When tiny, white, foam beads first appeared between the ceiling planks in my office, I told myself it wasn’t a problem. The office—a small structure in my backyard—was built with EPS foam insulation, and investigating the beads would mean cutting the ceiling, or tear off the roof. Better to avert my eyes and get back to work.
But over time, the beads began to claim more territory, showing up farther down the length of the boards and falling like bird droppings onto various surfaces. What’s worse is that spending time in the office was starting to make me feel sick. I had headaches, respiratory problems and a persistent bad taste in my mouth, like biting on a dime. Much of my workspace was covered in a fine coating of polystyrene dust.
Finding the Problem
The first step was figuring out the source of the problem. My neighbor, Craig Stiff, is an excellent carpenter who works with local construction companies here in Dallas. We drilled a hole in the soffit and Stiff stuck his fingers inside to feel around what should have been solid foam.
Instead, what poured into his hand were beads, dust and (not surprisingly) a large contingent of ants. Clearly, the ants were the culprits and had damaged the foam with their tunnels and nests. Multiple visits from an exterminator did nothing, and over time, going into the office started to make me feel so sick that I could no longer work in there.
Most of the general public, and even many remodeling professionals, don’t understand the effect that environmental toxicity can have on people’s lives. In this case, the foam was not the problem. Although off-gassing occurs during the manufacturing process, EPS foam is inert when it leaves the factory. Burning the stuff in an unventilated area is never a good idea, but overall, rigid foam is not considered to be chemically harmful to humans.
Before placing the new plywood over th eceiling planks, Stiff painted one side of each piece black so it couldn't be seen from inside the structure.
So what was going on? The answer was probably a combination of things, says Michael Anschel, president of Otogawa-Anschel Design + Build in Minneapolis and an authority on building science. “There’s the ants eating and creating ant poop,” he explains. “And the shredding of the foam causes particulate, which has a respiratory component. Everybody’s sensitivity is different.”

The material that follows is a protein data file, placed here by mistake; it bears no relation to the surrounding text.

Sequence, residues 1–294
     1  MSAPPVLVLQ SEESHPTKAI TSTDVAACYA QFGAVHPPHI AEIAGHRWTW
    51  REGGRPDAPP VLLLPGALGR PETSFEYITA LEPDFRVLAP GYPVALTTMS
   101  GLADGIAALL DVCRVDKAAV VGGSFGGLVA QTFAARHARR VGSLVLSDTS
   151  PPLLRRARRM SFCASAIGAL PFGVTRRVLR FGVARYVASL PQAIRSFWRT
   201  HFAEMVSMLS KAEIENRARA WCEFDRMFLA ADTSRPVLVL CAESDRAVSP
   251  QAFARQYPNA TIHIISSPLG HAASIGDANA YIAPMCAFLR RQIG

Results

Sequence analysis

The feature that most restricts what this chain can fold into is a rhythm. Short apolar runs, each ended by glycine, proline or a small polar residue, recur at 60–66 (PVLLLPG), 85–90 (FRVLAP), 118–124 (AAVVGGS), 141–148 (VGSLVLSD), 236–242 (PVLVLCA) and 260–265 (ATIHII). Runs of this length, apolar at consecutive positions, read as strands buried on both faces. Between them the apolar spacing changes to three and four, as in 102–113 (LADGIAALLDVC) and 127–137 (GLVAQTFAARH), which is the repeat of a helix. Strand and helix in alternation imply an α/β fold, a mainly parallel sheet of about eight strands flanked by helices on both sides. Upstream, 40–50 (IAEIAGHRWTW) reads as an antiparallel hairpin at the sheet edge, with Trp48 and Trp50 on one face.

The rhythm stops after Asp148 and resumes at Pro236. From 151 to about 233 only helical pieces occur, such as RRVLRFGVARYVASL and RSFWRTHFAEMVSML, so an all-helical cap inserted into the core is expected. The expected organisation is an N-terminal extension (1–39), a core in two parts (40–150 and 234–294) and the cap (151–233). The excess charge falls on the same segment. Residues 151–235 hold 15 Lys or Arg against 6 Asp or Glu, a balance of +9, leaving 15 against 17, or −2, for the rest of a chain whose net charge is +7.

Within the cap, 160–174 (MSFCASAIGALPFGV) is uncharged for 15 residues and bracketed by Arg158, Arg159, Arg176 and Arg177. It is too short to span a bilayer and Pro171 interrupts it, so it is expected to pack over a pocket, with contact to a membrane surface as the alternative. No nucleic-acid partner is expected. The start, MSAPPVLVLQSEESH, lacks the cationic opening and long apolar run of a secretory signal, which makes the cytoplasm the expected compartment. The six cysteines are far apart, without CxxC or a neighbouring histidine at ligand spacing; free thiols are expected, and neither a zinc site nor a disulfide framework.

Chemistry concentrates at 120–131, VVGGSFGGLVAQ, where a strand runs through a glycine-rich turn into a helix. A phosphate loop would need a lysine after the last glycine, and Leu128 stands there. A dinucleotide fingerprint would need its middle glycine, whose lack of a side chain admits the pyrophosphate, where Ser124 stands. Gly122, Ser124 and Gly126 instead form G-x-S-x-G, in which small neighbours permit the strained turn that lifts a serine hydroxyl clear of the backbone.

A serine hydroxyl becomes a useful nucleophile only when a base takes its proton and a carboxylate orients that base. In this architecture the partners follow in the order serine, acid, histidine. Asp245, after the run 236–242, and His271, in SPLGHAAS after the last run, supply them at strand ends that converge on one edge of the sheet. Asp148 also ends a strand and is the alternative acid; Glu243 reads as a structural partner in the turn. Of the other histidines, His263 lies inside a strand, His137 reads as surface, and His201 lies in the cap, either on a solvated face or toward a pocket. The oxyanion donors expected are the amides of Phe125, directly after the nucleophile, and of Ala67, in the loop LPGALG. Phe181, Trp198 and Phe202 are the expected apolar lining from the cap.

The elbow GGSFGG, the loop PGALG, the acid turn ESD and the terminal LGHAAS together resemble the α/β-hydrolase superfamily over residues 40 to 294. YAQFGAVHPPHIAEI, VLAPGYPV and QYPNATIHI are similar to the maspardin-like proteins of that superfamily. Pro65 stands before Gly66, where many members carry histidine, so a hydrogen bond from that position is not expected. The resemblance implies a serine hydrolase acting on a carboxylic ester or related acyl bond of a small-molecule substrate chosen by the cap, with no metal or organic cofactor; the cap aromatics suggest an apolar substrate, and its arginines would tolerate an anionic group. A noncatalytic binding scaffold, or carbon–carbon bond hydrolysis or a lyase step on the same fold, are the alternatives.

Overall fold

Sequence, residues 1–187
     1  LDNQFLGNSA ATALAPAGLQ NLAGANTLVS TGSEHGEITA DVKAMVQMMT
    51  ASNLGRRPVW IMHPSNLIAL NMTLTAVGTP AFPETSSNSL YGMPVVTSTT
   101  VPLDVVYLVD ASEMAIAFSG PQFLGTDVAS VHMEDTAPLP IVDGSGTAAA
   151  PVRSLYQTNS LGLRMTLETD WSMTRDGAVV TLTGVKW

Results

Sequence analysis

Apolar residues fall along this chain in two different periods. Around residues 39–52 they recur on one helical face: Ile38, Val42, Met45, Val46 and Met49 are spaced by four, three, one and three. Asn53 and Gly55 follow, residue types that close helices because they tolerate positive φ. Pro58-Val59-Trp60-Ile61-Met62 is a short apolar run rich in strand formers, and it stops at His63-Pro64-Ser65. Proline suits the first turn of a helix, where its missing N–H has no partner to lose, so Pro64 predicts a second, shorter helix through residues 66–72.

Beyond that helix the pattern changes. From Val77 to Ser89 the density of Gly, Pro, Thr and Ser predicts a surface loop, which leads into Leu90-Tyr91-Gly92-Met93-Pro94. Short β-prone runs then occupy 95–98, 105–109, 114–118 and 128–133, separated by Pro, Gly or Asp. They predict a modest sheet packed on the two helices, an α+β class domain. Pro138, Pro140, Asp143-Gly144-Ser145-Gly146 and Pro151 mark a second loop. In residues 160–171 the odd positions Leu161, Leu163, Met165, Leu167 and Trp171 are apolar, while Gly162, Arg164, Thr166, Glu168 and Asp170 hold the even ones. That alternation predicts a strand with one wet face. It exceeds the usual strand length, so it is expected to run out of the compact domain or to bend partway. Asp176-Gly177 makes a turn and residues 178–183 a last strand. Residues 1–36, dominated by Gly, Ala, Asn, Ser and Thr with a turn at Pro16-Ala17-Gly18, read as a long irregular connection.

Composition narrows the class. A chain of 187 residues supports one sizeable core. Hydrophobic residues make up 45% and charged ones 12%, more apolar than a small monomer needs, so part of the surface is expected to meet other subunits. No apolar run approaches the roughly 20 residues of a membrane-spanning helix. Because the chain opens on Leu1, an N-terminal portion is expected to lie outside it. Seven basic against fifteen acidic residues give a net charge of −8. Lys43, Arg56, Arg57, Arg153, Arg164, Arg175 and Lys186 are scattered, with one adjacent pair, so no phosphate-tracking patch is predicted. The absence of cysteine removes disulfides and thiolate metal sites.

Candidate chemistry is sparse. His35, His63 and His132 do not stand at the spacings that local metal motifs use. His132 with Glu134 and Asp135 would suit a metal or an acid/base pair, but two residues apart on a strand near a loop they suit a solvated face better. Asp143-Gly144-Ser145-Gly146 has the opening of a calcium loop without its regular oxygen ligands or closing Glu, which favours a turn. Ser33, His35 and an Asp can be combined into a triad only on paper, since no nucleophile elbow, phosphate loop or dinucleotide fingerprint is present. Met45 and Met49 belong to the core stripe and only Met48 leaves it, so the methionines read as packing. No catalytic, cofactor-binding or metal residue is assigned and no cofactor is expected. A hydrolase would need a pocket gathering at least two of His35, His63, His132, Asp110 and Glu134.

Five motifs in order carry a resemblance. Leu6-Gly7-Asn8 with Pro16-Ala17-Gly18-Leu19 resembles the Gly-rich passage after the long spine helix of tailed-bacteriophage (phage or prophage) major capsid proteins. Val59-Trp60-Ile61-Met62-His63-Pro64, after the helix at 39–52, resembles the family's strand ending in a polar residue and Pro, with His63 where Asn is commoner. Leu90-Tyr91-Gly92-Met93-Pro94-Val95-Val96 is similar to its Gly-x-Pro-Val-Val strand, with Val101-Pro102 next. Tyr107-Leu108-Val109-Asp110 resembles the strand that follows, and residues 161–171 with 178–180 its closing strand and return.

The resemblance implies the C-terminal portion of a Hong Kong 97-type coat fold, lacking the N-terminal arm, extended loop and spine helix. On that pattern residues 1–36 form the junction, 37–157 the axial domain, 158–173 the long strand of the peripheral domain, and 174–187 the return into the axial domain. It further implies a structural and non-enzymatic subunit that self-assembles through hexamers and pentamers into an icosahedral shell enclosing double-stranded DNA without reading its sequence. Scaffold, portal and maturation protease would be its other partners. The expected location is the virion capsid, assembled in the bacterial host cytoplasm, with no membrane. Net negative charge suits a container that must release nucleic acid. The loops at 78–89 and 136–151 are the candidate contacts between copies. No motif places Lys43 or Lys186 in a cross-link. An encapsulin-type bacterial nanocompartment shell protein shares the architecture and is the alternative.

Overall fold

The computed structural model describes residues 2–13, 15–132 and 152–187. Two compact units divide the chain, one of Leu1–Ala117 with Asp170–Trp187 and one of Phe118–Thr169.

In the end, the only solution was to remove the roof and put in a different type of insulation that would prevent the problem from ever occurring again.
The intel on ants is that they like damp spaces; however, after taking apart the roof, we could see no evidence that water had ever been in contact with the rafters or plywood. I’ve since learned that it’s common for carpenter ants to create a satellite colony, which can be located in drier areas. Ants especially love foam insulation because it’s a perfect material for them to use in creating tunnels.
A New Roof
After removing the old roofing and sheathing, Stiff and I fitted ¼-inch plywood strips into the rafter bays to cover the ceiling planks, and batt insulation on top of that. As an added precaution, we sprinkled a layer of diatomaceous earth (DE) across the new insulation (pictured right). DE is a powder made out of the fossilized remains of tiny aquatic organisms. It kills insects by compromising the waxy coating on the outside of their bodies, which causes them to dehydrate. (No doubt this step was overkill, but tearing apart a completely functional roof will put you in an overkill frame of mind.)
We then added new plywood sheathing, a layer of felt, and finished it off with roll roofing. Stiff applied some extra adhesive as well. “There’s waterproof roofing adhesive applied about 6 inches in from the drip edge on all four sides,” he says. “I also put the caulk over the nail heads for additional protection from water.”
The result is a simple, yet effective roof that will keep my office dry and bug-free for years to come.